Skip to main content

Amazon eying October for another Prime shopping event, reports say

This year’s Prime Day sale starts on July 12, though new reports suggest Amazon is also planning another Prime shopping event for later in the year.

The e-commerce giant has been telling sellers about a “Prime Fall Deal Event,” according to reports from CNBC and Business Insider.

The precise date for the event isn’t clear, though Business Insider said that information sent to sellers suggests October as the likely month for the online shopping event. Any later and it would be at risk of clashing with Cyber Monday on November 28, just as the holiday season is getting into full swing.

Sellers contacted by Amazon about the fall shopping event told Business Insider it’s expected to feature “frenzied sales of TVs, sneakers, and other items,” while CNBC mentioned limited-time “lightning deals.”

Amazon’s reported decision to add another shopping festival to the calendar comes after the Seattle-based company reported sluggish growth figures for the quarter ending March 31, with Amazon CEO Andy Jassy citing the pandemic and subsequent war in Ukraine as aggravating factors.

The company will be hoping that a well-publicized shopping event in October will help to boost its bottom line and give sellers a much-needed lift, though with household bills on the rise, many people may be wary about digging into their savings for more stuff.

For those keen to make some savings on new items, July’s Prime Day is just around the corner. Digital Trends will be updating its pages regularly to bring you all of the best Prime Day deals as they land.

Amazon launched Prime Day in 2015 to celebrate its 20th anniversary. It’s since become a 48-hour event featuring a broad range of deals and discounts across a wide variety of goods, including plenty of tech devices. Last year’s Prime Day generated a record $11.2 billion in online sales globally, according to data from Statista.

Editors' Recommendations

Trevor Mogg
Contributing Editor
Not so many moons ago, Trevor moved from one tea-loving island nation that drives on the left (Britain) to another (Japan)…
Ouch! Some Amazon Prime members face a 43% price hike
Amazon logo on the headquarters building.

Some Amazon Prime customers in Europe are about to see the cost of their subscription rise by 43%.

According to Reuters, Amazon Prime members in the U.K., for example, have been told the annual fee will increase from 79 British pounds to £95, marking a 20% hike, while the monthly fee will rise from £7.99 to £8.99. Customers in Germany will see a 30% rise in the Prime fee to 89.90 euros, marking a 30% increase on the current annual fee, while Prime members in France face a 43% hike that will push their annual fee of 49 euros to 69.90 euros. Customers in Italy and Spain are also facing similarly steep increases.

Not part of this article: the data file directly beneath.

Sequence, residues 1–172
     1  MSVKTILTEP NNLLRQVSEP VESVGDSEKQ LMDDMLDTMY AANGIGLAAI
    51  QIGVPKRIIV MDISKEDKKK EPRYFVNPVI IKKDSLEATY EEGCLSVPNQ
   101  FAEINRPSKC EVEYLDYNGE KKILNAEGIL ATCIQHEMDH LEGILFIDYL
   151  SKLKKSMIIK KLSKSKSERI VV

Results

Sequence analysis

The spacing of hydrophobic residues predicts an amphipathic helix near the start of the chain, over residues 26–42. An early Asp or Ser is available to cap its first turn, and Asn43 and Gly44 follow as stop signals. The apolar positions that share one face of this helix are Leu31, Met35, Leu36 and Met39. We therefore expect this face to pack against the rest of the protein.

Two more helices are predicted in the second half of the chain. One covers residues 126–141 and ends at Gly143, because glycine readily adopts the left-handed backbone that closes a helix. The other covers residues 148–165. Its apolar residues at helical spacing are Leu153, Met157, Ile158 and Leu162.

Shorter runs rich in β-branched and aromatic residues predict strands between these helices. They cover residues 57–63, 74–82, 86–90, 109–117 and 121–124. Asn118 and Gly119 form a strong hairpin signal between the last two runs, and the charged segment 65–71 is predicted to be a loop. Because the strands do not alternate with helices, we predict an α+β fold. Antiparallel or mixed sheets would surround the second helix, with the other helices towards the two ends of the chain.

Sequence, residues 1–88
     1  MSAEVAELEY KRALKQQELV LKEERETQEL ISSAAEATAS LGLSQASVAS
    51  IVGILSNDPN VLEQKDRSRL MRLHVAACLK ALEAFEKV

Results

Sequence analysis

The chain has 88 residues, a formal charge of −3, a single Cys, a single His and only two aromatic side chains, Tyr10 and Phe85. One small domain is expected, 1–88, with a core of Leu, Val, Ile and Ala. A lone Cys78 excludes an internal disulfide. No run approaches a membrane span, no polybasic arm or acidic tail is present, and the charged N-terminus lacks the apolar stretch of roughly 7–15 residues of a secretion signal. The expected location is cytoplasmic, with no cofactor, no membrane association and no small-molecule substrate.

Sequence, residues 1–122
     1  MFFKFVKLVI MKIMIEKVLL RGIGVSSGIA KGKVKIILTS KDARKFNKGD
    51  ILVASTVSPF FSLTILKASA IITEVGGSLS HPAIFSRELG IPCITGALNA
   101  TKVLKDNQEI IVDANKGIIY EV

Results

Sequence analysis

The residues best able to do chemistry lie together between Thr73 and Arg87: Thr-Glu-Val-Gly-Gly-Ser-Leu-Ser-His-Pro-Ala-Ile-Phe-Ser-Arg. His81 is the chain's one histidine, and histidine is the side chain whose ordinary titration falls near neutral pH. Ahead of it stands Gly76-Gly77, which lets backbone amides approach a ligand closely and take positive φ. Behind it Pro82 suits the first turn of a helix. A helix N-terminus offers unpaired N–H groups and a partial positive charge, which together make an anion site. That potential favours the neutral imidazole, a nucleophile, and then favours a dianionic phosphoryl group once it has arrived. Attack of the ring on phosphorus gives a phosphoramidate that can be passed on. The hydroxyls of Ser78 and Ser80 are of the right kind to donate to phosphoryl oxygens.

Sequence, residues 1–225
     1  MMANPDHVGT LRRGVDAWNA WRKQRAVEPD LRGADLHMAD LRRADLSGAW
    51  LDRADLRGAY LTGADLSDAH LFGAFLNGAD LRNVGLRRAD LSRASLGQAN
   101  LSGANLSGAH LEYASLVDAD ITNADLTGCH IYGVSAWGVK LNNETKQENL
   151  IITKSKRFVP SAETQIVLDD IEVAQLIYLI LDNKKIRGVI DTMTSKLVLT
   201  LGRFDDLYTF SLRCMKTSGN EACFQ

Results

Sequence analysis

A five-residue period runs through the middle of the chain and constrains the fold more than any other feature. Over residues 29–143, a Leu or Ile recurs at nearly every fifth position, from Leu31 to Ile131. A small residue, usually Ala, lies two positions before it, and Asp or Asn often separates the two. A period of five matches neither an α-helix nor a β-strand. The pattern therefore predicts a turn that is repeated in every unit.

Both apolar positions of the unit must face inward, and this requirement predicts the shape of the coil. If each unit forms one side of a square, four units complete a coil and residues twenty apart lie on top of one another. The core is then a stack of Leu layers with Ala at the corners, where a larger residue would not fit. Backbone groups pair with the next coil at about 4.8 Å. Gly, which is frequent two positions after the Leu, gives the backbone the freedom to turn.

Read more
Amazon sues 10,000 Facebook groups over fake reviews
Amazon logo on the headquarters building.

When it comes to reviews on Amazon and similar shopping sites, most people have by now developed their own approach to dealing with them.

Some use a blend of instinct and experience to decide if what they’re reading is genuine, while others scan a broad selection to try to get an overall feel for a product’s reputation. Of course, some folks simply ignore them altogether.

Read more
Why you should opt for slow shipping this Prime Day
Amazon worker packaging products.

It's hard to not get sucked into the capitalist vortex on Prime Day. Just look at those deals and try to keep your credit card in your wallet. But if you can't resist the urge to buy something, you should at least consider opting for slower shipping. it might sound silly, since Amazon offers free two-day shipping for Prime members, and foregoing this perk could seem like a waste of your monthly subscription fee. But hear me out -- just because you can get your items delivered in two days doesn't necessarily mean you should. Here are a few good reasons to consider opting for slower delivery:

The first and perhaps most urgent reason is the environmental benefits. Transportation remains America's top source of emissions, clocking in at 27%. Roughly a quarter of that comes from freight trucks like those used by Amazon, and 8% from planes. In the air, Amazon makes about 160 flights a day with its fleet. Once those flights have made their deliveries, Amazon's trucks will often take smaller, less efficient loads in order to meet two-day delivery times. After all, trucks can't wait around for more shipments to come in so they can make more stops.

Read more